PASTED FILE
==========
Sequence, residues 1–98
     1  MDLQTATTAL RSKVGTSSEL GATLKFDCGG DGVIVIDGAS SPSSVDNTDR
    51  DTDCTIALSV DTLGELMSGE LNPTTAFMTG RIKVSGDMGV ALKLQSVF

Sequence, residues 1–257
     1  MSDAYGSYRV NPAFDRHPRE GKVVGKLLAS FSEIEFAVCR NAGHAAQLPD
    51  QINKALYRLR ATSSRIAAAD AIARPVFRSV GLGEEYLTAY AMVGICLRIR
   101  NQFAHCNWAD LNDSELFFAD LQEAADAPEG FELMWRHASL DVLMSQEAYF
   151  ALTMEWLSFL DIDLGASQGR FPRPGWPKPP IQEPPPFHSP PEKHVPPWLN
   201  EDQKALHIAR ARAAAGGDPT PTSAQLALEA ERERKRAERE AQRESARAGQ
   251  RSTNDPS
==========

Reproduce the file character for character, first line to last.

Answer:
Sequence, residues 1–98
     1  MDLQTATTAL RSKVGTSSEL GATLKFDCGG DGVIVIDGAS SPSSVDNTDR
    51  DTDCTIALSV DTLGELMSGE LNPTTAFMTG RIKVSGDMGV ALKLQSVF

Sequence, residues 1–257
     1  MSDAYGSYRV NPAFDRHPRE GKVVGKLLAS FSEIEFAVCR NAGHAAQLPD
    51  QINKALYRLR ATSSRIAAAD AIARPVFRSV GLGEEYLTAY AMVGICLRIR
   101  NQFAHCNWAD LNDSELFFAD LQEAADAPEG FELMWRHASL DVLMSQEAYF
   151  ALTMEWLSFL DIDLGASQGR FPRPGWPKPP IQEPPPFHSP PEKHVPPWLN
   201  EDQKALHIAR ARAAAGGDPT PTSAQLALEA ERERKRAERE AQRESARAGQ
   251  RSTNDPS